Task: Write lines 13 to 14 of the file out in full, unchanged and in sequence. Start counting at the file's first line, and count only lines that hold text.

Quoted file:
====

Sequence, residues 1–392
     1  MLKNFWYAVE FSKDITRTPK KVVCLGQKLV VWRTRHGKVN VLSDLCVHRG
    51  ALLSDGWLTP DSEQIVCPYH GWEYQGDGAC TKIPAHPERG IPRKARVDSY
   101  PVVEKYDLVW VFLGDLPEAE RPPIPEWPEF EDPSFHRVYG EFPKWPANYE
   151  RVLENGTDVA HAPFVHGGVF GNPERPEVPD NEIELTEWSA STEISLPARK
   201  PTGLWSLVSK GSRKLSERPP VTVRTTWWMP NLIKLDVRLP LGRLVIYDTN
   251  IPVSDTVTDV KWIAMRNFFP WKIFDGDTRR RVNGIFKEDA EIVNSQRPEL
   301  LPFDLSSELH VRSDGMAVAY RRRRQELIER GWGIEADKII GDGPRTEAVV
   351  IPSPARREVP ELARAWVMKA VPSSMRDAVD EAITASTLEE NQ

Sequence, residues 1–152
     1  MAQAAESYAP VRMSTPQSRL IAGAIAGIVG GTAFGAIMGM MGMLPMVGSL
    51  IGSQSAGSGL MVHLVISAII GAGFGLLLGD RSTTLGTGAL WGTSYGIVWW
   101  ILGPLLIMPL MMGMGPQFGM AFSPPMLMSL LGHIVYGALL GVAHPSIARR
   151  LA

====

   101  ILGPLLIMPL MMGMGPQFGM AFSPPMLMSL LGHIVYGALL GVAHPSIARR
   151  LA